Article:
I have a confession to make: when it comes to making friends and friendships, I’m pretty hopeless. Not intentionally! I have always only had a small number of people around me that I consider real “friends”, even though I have many acquaintances and chat to many people in my day to day life.
That isn’t to say that you can judge a person by the number of friends he or she has. When it comes to friendships, I strongly believe in quality over quantity.
I’m hopeless because I have let so many friendships, or potential friendships, slide away because I was always too busy to keep up with everyone. Sometimes months and years would go by before I would see a friend. One of my oldest friends: we would see each other once every two or three years and the beauty was that when we did finally catch up, it was as though we had just seen each other the previous week. Time never mattered to us, and we both understood that we were leading completely different lives with different priorities.
But ideally, we should be making more time to cultivate strong friendships because friends are people who bring us happiness and help us out when we are in need. Friends are an extension of our families and in many cases, friends ARE our families. As the saying goes, we can’t choose our family, but we can choose our friends.
An article in the Huffington Post in 2012 outlined the results of a British study into friendships amongst middle aged people and found that people aged in their 50s who had at least 6 close friends were happier than those who had fewer or no friends. The article also pointed out that there have been studies that show that friendships have just as much an impact on the risk of death as smoking, obesity, drinking and physical activity do.
But why are we too busy for our friends? What makes us put busyness ahead of friendships?
Investment in the wrong friendships
Often the issue surrounding spending the time with our friends and working on our friendships is that we often invest time with the wrong types of friends- people who in fact are not our friends and do not deserve our friendship. This brings about feelings of resentment, anger, stress and tiredness. Who wants to spend time with someone who brings us down, someone who brings out the worst in us? Yes friends are allowed to have disagreements and issues, but there comes a time when we have to cut ourselves free from this type of friendship and accept that it’s time to move on.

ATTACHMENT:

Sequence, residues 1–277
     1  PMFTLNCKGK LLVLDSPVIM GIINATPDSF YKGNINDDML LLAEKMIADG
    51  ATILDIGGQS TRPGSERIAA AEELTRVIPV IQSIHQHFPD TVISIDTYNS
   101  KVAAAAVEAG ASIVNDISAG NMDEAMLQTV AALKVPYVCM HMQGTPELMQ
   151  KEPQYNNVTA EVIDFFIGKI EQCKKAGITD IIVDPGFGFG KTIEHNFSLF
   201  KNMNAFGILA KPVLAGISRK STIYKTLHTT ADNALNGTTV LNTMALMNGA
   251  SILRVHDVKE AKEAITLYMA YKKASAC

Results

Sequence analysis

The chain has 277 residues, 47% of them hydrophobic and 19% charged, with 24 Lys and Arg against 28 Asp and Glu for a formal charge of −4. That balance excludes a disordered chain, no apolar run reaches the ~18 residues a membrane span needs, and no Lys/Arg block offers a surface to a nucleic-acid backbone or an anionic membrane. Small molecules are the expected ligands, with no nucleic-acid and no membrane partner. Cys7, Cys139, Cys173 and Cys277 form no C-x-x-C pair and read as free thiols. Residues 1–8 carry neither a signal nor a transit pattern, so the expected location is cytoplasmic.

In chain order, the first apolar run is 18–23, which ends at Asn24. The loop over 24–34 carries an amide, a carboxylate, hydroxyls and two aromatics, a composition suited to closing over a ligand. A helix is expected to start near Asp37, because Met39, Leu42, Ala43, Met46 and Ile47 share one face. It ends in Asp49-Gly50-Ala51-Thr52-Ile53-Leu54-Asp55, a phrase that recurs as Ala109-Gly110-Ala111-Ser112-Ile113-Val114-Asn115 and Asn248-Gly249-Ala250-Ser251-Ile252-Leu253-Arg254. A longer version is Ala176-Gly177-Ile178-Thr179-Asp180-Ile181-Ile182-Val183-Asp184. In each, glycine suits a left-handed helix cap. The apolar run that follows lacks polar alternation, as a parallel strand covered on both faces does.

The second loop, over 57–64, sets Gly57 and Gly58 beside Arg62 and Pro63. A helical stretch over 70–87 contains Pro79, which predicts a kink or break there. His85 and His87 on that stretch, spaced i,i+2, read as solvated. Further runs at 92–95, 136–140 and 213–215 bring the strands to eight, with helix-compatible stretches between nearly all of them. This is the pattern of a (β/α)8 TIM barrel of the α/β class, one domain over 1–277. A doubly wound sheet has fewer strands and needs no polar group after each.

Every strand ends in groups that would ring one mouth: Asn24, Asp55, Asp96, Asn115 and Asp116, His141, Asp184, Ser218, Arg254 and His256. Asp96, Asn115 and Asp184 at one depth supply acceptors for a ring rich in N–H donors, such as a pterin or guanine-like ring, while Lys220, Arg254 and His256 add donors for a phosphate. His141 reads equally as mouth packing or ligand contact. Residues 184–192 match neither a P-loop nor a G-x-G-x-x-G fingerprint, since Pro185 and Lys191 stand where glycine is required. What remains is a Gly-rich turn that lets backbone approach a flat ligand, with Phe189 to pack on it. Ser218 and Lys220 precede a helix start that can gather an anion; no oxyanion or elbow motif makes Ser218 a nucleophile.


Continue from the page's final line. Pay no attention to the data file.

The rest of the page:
Our time is valuable, and we want to spend our valuable time with people we care about who nurture us and bring out the best in us. These are the kinds of people we want to hang out with, laugh with and share life’s special moments with.
Getting caught up in life
When we begin a new stage in our lives, sometimes our friends take a back seat. It could be that we have married before our friends have, or have started a family and are going through different trials and tribulations to what our friends are. This can cause two friends to suddenly find that they no longer have anything in common, or they have to make more of an effort to find the time to spend together.
I can definitely attest to this. Getting married, having kids and moving to a new part of the city caused me to become so focused in what I was doing that I drifted away from many friends I had beforehand. Again, not intentionally, but because we were leading different lives. I didn’t feel like going out on a Friday night when I had a baby I was breastfeeding. Sitting at home in my pyjamas watching TV started sounding more appealing than weekends out partying. That’s just life.
But when we start to focus more on things that are not truly important, and we are so stuck in our busyness that we can’t even look up to see what’s going on around us, that’s when we need to start asking ourselves whether our priorities need to be shifted. Are you working two jobs, not having the time to spend with those you care about and not seeing your friends because you need more money to be able to buy more things: a bigger house, better car, better appliances? Are these things that important to you that you are willing to stop spending time with friends? Lose a valuable friendship over?
Our own definitions of friendship
How we define friendships may play a role in the amount of time we invest in them. Do we hold onto friendships we have had for over 20 years regardless of what is going on in the present moment- are we turning a blind eye to things that are hurting us, because we have known Johnny since we were five years old? Are we too afraid to get out there and meet new people? Do we have a “comfort zone” of close friends and are too comfortable to introduce someone new to our group? Is making friends more difficult when you are an adult than when you are a child? The answers to these questions may be contributing to not creating new friendships.
Today is the International Day of Friendship, a day to think about the friendships we currently have and maybe look forward to the new people we will be friends with in years to come. Let’s try and spend a few minutes today catching up with our mates: maybe a quick phone call, a text or email. Let’s think about the types of friendships we now have- are there any that we can begin to let go of? Let’s spend some time engaging in a conversation with someone new we have just met. Who knows where the friendship will lead to?